The effects of rind damage and regeneration on permeability of the apoplast in sclerotia of Sclerotinia minor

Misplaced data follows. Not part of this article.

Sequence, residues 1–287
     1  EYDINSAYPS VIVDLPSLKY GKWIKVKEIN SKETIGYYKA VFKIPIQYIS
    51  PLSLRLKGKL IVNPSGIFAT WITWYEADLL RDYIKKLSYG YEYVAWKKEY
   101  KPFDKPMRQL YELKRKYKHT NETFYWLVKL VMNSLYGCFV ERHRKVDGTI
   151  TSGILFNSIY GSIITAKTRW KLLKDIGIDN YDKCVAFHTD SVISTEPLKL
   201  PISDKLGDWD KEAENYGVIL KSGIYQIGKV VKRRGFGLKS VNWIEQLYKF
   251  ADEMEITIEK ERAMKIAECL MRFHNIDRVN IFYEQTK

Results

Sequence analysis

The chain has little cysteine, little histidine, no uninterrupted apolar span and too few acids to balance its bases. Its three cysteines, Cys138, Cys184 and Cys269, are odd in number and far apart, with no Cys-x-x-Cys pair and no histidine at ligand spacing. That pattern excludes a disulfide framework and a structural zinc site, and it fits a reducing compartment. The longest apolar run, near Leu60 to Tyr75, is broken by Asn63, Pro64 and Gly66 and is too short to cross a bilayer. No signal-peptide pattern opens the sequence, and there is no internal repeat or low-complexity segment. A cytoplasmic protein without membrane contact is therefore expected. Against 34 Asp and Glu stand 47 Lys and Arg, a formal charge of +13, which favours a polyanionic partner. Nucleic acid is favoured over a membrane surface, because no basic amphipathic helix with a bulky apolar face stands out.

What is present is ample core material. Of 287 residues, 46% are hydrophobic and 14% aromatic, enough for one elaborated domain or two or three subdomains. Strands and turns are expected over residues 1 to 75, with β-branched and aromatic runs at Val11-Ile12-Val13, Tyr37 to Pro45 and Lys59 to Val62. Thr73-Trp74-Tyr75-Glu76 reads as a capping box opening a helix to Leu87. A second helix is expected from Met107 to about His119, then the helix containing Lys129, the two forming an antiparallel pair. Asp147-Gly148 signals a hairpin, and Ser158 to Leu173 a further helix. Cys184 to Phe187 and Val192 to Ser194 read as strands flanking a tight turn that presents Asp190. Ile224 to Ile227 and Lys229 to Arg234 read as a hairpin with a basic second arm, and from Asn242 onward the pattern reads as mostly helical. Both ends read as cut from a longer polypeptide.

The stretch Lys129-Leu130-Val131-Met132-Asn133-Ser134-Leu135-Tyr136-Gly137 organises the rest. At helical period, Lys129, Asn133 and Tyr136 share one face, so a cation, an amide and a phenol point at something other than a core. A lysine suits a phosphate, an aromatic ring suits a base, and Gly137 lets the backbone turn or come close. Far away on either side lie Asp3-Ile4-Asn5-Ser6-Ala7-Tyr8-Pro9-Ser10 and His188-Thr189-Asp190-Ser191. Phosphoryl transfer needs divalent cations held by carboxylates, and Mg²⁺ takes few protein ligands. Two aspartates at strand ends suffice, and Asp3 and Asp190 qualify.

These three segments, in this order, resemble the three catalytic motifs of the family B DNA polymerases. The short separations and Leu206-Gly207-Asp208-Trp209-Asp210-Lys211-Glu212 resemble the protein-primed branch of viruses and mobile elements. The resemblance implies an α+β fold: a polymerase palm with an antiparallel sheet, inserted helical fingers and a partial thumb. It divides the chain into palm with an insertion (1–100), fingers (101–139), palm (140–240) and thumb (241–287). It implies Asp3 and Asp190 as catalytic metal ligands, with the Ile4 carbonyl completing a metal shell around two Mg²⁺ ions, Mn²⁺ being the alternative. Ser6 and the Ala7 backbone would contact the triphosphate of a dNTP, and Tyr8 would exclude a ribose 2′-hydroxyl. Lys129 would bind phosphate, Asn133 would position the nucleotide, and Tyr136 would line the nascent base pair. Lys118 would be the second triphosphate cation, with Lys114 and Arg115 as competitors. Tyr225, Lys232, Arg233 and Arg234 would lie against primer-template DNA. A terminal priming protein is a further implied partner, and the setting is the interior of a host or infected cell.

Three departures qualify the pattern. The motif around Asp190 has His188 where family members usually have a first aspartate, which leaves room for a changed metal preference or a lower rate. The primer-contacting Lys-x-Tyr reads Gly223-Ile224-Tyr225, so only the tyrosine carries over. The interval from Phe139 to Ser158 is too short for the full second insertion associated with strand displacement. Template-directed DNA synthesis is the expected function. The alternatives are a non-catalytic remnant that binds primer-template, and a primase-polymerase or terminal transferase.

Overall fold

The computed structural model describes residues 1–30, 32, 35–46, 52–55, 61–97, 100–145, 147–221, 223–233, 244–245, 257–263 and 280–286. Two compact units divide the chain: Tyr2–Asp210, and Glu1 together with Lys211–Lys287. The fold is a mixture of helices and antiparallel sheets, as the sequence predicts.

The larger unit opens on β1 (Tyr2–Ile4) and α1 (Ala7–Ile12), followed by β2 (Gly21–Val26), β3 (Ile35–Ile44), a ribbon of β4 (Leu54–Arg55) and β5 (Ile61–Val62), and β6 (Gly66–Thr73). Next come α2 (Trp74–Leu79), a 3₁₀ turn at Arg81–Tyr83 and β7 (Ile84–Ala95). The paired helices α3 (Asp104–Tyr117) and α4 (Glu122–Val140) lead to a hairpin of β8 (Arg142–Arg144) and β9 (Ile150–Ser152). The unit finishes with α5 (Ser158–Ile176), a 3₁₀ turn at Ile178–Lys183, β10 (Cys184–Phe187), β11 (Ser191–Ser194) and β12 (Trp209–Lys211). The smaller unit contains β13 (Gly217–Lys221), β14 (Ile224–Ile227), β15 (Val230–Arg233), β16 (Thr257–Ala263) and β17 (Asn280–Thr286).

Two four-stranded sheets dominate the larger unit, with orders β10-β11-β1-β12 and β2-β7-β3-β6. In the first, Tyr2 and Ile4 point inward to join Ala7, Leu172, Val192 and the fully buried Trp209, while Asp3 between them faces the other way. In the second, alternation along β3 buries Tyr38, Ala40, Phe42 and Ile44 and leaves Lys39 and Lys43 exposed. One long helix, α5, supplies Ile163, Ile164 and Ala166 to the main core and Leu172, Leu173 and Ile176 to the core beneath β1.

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Sclerotia of Sclerotinia minor Jaggar have the ability to regenerate a new rind when the old rind is damaged before or after maturity. Regeneration involves growth of a completely new rind to cut off the exposed damaged surface. New, more or less spherical rind and cortical cells form by outgrowth of existing medullary hyphae. The new rind cells become pigmented over several days and new cortical cells contain reserves when the new rind has become fully pigmented. This process is most rapid in immature sclerotia but even in mature sclerotia, a new rind is fully regenerated within 8 d. Intact mature sclerotia exclude the apoplastic tracer sulforhodamine C but when the rind is damaged they become leaky to the fluorochrome. Regeneration of a new rind reduces permeability to sulforhodamine but the initial impermeable state is not fully regained, even when regeneration is complete. Sclerotia that have been damaged in the field, despite regeneration, might be more susceptible to external influences than those in which the rind has remained intact.